6. Registration Expenses
The person who leases the car pays for its registration. This is yet another unwanted expense that you would be bearing for leasing a car.
Of course, vehicle registrations aren’t very expensive in the US, but fees vary in different states. Obviously, you can’t drive a car without proper registration and hence, you’ll be bearing the costs.
7. No Free Roadside Assistance
Roadside assistance isn’t always free. But with a leased car, you could end up paying a lot more money for roadside assistance, in case of the unfortunate eventuality the vehicle breaks down somewhere on the road.
People who own personal cars can get some roadside assistance from companies if you have a contract or agreement. With leased cars, you can’t get such agreements and have to pay cash upfront for every service.
8. No Concessions for Serious Damage
If you get into an accident or even something like a tornado damages the car beyond repair, the lease agreement will remain the same. This means you wouldn’t be able to get any concessions, waivers, discounts, or stuff like that, even though the car can’t be used anymore.
Totalling of a car can occur even if you’re a safe driver but land in a serious accident, which isn’t your fault either. This is one of the bigger flipsides of leasing a car.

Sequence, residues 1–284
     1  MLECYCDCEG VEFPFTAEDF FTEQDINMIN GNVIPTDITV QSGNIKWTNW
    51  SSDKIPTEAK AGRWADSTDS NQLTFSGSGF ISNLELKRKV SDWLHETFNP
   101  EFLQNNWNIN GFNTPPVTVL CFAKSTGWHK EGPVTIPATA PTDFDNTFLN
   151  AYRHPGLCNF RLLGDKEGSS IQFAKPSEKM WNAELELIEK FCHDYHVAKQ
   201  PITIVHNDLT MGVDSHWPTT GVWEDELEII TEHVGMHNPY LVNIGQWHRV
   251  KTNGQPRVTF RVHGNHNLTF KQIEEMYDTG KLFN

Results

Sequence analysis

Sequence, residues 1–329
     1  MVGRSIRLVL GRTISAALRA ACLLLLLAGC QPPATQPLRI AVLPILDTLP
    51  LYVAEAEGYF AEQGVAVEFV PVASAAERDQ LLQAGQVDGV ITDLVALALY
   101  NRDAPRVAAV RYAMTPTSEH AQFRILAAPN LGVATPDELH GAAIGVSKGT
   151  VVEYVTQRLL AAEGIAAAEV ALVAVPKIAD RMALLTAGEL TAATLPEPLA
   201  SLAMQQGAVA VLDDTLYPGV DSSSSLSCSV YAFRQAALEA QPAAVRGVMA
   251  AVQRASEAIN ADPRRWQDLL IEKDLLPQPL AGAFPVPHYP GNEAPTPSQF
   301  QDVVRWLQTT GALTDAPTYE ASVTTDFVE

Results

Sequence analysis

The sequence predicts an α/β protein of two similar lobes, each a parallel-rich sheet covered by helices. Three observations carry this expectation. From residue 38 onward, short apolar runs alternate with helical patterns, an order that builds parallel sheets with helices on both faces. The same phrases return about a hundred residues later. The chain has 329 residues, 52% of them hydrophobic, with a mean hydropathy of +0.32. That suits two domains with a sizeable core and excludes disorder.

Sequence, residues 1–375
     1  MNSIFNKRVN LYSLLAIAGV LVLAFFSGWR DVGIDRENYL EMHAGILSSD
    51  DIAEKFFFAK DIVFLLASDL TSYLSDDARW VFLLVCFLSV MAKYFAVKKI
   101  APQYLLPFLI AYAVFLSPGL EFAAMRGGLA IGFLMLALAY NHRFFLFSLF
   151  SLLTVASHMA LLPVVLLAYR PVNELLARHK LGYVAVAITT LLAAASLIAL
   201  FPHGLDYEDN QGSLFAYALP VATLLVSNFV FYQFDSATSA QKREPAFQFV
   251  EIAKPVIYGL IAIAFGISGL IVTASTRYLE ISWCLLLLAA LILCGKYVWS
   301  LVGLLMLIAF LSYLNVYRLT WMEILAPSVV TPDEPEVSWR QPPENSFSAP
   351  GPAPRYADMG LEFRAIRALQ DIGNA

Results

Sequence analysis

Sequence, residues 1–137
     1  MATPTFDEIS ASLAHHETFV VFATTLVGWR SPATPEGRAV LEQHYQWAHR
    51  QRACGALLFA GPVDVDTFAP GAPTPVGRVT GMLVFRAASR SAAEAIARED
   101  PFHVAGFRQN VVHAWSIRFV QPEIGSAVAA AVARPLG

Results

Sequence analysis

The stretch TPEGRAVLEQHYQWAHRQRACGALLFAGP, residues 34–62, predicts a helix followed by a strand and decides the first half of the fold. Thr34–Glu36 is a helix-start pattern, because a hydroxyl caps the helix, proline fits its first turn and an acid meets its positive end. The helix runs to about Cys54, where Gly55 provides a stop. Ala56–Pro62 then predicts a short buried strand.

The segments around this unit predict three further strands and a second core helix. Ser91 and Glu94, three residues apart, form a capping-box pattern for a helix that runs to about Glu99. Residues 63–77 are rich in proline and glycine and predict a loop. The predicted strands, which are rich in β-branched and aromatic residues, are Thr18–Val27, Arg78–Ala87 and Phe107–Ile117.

9. Maintenance Costs
You’re responsible for maintaining the vehicle, regardless of the condition of the leased car. The maintenance expenses can vary depending on the make of the car and its age. Most Americans maintain the car themselves and reduce their dependence on garages and workshops.
While DIY car maintenance is fair enough, it doesn’t often work in the case of older vehicles or expensive ones. Also, you will still pay for spares, oils and filters even if it’s an old car.
- Car Wash with Free Vacuum Near Me
- Make Money Flipping Cars – Step-by-Step Guide
- 10 Guaranteed Ways to Make Money with Your Car
10. No Side Gigs
There are several side gigs available where you can earn money by driving. These include side gigs such as driving for Lyft and Uber or delivering for Amazon, United States Postal Service, Postmates and other such services.
While in some cases, such companies allow you to use a leased car, others don’t. Instead, they want delivery crew or drivers to use their own car- meaning the one you bought and is registered fully on your name. That’s because of the legal status of leased cars and personal cars.
Overall, these are some of the minor and major flipsides of leasing a car. If it’s unavoidable to lease a car, look for better deals. That could help save money and effort, too.
As you can judge from my above article, there are a few flipsides to leasing a car in the long term. Lease a car according to your financial condition and needs. Also explore options of buying a preowned car and compare the pros and cons of each.
Samuel Mitchell is a financial analyst with expertise in investment research and risk assessment. With a background in finance and advanced certifications, he delivers accurate and concise financial analysis. Samuel's writing style is precise and data-driven, providing actionable insights for readers. Explore the world of finance with him and make informed investment decisions.